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Finding True North - a journey to Orkney by Dr Linda Gask

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                                                                                             This month I am grateful to Dr Linda Gask, a retired professor of primary care psychiatry now living in Orkney, who has kindly provided a fascinating and inspiring piece on her personal journey to find true north. Finding True North- a journey to Orkney by Dr Linda Gask   For most of my adult life I sought out the Western Isles to escape, rest and find peace and quiet to write. My fascination with all things ‘North’ began in childhood when travelling to Central Scotland, my mother’s home. It was a 12-hour drive then from the East of England going up the A1, forking West at Scotch Corner, turning North up the A6 and A74 then finally dropping down into Hamilton where my maternal grandfather was a miner in the coalfields of Lanarkshire until his early death. On a couple of these family holidays, we ventured as far North as Ben Nevis, Loch Ness and Glen Affric - but never into those parts of th

First Impressions by Gabrielle Barnby

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Today I welcome a good friend, Gaby Barnby to the Quoyloo Quill. Gabrielle Barnby lives in Orkney and writes short stories, poetry and full length fiction. She has run creative writing workshops for may years, encouraging new writers and supporting creative discovery. She is the author of three books and her work has been included in numerous anthologies and magazines. Here she describes her first impressions of moving to Orkney. First Impressions - Orkney We came from the airport to the town directly, although neither airport nor town accurately described either place by my southern standards. An airport was a vast sprawling, moving-floored shopping mall with shuttle buses and crowds of people from all nations, a city unto itself with flocks of aeroplanes gathering people up like a bird gathers worms. Not a simple strip of tarmac seemingly laid at random in a field with a building that was as homely as a school foyer for a terminal and a free of charge car park. And the town? Well, th

Bright Lights by Dr Sunil Angris

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  This month I am pleased to welcome Stromness Writing Group member Dr Sunil Angris to the Quoyloo Quill. For those who don't know Dr Angris, he is a semi-retired medical doctor living in Holm, having moved to Orkney in 2019 after many years of holidaying here. He wrote extensively for the medical press while a GP in England and had regular columns as car correspondent for the magazines 'GP' and 'Pulse'. Now that he is semi-retired, he has more time to give to his creative writing, mainly poetry and short stories. Other hobbies include walking, music and sport. This is a piece Dr Angris contributed to the successful 'Bright Horizons' online foy in 2020 . For me, “Bright Horizons” began a train of thought leading straight to these islands. The sequence goes thus - “ I fell in love with Orkney for many reasons but chief among them was that the light and the horizons here aren’t bright!  Words conventionally used to describe the opposite of bright include “dark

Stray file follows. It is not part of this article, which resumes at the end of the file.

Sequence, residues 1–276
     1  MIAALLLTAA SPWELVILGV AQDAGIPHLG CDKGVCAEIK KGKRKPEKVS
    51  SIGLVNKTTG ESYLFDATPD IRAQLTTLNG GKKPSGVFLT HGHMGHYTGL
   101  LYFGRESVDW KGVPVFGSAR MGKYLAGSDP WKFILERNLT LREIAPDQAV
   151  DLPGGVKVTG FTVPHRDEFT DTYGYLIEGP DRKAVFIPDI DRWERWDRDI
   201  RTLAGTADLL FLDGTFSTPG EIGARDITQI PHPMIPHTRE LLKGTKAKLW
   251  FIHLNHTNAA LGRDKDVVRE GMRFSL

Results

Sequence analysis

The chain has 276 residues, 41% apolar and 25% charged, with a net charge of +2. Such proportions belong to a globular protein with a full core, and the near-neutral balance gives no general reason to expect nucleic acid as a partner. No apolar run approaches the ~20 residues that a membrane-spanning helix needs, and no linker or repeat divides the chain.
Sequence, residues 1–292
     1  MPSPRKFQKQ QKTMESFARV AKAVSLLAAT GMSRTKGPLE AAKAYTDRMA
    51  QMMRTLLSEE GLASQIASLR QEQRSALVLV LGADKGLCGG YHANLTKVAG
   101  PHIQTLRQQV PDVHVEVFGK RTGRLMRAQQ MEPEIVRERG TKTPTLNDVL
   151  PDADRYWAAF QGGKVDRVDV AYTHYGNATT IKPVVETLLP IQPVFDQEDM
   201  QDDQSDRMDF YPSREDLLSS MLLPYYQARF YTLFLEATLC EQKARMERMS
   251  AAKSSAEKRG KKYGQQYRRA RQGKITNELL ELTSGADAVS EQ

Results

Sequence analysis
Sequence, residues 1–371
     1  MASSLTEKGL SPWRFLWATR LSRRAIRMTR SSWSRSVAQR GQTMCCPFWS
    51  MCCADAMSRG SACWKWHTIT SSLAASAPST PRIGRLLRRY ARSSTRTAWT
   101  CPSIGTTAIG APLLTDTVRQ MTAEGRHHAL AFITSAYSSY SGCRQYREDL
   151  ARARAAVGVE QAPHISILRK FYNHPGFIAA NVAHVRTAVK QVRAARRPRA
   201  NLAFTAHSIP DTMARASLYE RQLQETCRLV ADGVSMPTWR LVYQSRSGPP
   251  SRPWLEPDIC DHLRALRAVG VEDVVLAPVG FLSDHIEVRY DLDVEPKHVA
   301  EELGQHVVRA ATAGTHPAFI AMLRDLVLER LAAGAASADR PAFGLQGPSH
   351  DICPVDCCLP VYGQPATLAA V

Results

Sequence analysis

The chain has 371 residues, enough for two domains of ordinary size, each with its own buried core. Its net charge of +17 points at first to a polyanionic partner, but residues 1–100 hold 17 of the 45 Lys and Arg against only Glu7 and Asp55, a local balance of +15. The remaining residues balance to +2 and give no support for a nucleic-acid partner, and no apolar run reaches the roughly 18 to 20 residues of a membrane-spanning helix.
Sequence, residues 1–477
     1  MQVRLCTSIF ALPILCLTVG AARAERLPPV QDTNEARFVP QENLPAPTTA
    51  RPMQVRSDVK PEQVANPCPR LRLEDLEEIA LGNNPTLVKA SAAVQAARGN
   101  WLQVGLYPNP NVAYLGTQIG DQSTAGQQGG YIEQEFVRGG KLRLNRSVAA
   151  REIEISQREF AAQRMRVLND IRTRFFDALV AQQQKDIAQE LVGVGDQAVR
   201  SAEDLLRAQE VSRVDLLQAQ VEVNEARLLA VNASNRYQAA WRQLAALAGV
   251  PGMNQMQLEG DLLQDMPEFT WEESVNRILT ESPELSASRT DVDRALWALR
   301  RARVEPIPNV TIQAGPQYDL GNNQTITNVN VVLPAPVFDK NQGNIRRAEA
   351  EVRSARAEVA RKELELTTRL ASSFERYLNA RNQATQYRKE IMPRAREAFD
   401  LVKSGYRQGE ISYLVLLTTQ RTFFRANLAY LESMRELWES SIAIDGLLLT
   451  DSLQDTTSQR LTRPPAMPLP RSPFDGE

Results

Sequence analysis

Walking in Circles by Jeanne Bouza Rose

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   I am delighted to welcome Orkney based, international artist Jeanne Bouza Rose to the Quoyloo Quill. Here, she shares with us her thoughts and experiences of lockdown, the American elections and what keeps her art fresh. Walking in Circles ….Jeanne Bouza Rose   I was late getting the old body going again this morning.  With each glance out the window, I thought, no need to rush.  It is throwing down the rain and the wind is whipping it around.  It is another day when raindrops hit the face like pointy icicles.  My feet dragged. I would have moved faster if I saw the sun, or if the dog became desperate. Finally, I simply summoned the courage to brave the elements and stick to this one habit—circling the stones. Luckily, there was a bit of sun in the back garden, but unluckily an ominous grey-blue sky out the front path. But I put one foot in front of another and kept walking to the car.  My dog and I would head to the Ring of Brodgar, the UK’s third largest stone circle and henge, no